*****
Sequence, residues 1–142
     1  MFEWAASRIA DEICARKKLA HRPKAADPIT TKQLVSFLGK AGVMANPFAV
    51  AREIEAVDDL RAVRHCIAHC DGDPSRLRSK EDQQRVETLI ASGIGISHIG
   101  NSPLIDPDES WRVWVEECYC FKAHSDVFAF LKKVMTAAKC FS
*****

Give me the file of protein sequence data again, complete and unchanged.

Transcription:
Sequence, residues 1–142
     1  MFEWAASRIA DEICARKKLA HRPKAADPIT TKQLVSFLGK AGVMANPFAV
    51  AREIEAVDDL RAVRHCIAHC DGDPSRLRSK EDQQRVETLI ASGIGISHIG
   101  NSPLIDPDES WRVWVEECYC FKAHSDVFAF LKKVMTAAKC FS